Although the transfer roller 5 is used as the contact-type transfer means in the device according to the embodiment shown in FIG. 1, it may be replaced by a transfer belt. In the above embodiment, moreover, the conductive elastic roller is used as the transfer roller 5. Alternatively, however, an insulating elastic roller or a corona transfer means including a belt may be used for the purpose.
Further, a roller-shaped rotating brush of the same material as the elastic brush 18 of the disordering device 7 may alternatively be used as the transfer roller. In this case, the rotating brush is shaped like the transfer roller 5, and the same applied voltage and force of pressure are used. The toner adhering to the rotating brush can be removed by means of a rotating electrode to which is applied a voltage of the polarity opposite to that of the voltage applied to the brush.
As described above, the recording apparatus according to the present invention employs the elastic developing member, which is pressed against the electrostatic latent image on the image carrying body for sliding contact with a relative speed difference. Thus, a great frictional force can be produced between the elastic developing member and the residual developing agent to improve the cleaning efficiency.
Further, the reverse development is used, and the image carrying body and the developing agent are charged to the same polarity, so that the adhesion of the developing agent to the image carrying body can be weakened, and the cleaning efficiency for the residual developing agent can be improved. Furthermore, the use of the contact-type transfer means results in an improvement in transfer efficiency.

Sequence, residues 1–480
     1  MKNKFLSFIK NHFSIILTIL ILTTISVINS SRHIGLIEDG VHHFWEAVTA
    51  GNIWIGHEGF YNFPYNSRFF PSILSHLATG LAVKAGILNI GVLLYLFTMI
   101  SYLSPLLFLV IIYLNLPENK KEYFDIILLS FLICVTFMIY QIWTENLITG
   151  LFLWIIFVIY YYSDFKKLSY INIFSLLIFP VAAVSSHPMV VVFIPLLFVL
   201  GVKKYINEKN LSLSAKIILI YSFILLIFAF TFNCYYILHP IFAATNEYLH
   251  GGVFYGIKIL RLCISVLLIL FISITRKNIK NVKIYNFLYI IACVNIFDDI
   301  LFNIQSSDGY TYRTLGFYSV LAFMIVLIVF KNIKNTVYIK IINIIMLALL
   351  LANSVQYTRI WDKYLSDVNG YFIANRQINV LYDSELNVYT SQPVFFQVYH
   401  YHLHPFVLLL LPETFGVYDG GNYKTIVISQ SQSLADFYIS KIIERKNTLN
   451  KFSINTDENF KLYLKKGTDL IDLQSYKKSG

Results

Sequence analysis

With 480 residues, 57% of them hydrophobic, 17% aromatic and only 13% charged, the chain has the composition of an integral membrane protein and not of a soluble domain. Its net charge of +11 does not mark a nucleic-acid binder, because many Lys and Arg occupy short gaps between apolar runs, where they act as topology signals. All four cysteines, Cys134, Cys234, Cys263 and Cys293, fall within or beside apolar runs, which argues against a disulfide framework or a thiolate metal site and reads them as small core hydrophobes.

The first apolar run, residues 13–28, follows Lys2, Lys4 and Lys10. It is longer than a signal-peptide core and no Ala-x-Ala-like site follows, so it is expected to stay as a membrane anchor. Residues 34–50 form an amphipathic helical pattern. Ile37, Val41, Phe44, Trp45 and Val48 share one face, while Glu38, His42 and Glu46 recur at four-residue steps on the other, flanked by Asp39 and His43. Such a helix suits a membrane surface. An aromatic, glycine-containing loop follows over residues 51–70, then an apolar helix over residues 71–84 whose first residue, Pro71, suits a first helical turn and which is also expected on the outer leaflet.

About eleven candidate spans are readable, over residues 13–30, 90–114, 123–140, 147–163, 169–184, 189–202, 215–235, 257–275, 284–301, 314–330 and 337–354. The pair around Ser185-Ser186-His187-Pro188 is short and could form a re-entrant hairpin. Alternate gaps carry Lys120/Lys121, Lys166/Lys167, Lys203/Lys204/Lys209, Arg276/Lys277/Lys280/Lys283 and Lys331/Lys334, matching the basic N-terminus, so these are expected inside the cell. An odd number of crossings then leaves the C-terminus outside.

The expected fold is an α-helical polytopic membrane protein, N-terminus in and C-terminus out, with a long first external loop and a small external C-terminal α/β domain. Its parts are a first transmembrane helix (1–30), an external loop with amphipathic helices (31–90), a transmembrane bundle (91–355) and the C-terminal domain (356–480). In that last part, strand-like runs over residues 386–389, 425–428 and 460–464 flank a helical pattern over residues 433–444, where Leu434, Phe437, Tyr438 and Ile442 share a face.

Additional advantages and modifications will readily occur to those skilled in the art. Therefore, the invention in its broader aspects is not limited to the specific details, representative devices, and illustrated examples shown and described herein. Accordingly, various modifications may by without departing from the spirit or scope of the general inventive concept as defined by the appended claims and their equivalents.
|Patente citada||Fecha de presentación||Fecha de publicación||Solicitante||Título|
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|US3617123 *||6 Feb 1969||2 Nov 1971||Xerox Corp||Xerographic cleaning apparatus|
|US3646866 *||18 Jul 1970||7 Mar 1972||Addressograph Multigraph||Photoelectrostatic copier having a single station for simultaneously applying toner particles and cleaning the photoconductive medium|
|US3649262 *||31 Dic 1968||14 Mar 1972||Xerox Corp||Simultaneous development-cleaning of the same area of an electrostatographic image support surface|
|US3914045 *||24 Abr 1974||21 Oct 1975||Ricoh Kk||Method and apparatus for removing residual image from photoconductive element of electrophotographic copying machine|
|US4396275 *||11 May 1981||2 Ago 1983||Minolta Camera Kabushiki Kaisha||Toner image transfer type electrographic copying machine|
|US4609280 *||31 Oct 1983||2 Sep 1986||International Business Machines Corporation||Xerographic apparatus and process with backside photoconductor imaging|
|US4664504 *||18 Ene 1984||12 May 1987||Tokyo Shibaura Denki Kabushiki Kaisha||Image forming apparatus|
|US4727395 *||19 Nov 1986||23 Feb 1988||Tokyo Shibaura Denki Kabushiki Kaisha||Reverse developing image forming apparatus with small drum|
|US4769676 *||2 Mar 1987||6 Sep 1988||Kabushiki Kaisha Toshiba||Image forming apparatus including means for removing residual toner|
|US4800147 *||3 Ago 1987||24 Ene 1989||Xerox Corporation||Xerographic process without conventional cleaner|
|US4836135 *||7 Ago 1987||6 Jun 1989||Kabushiki Kaisha Toshiba||Developing apparatus having one-component developing agent|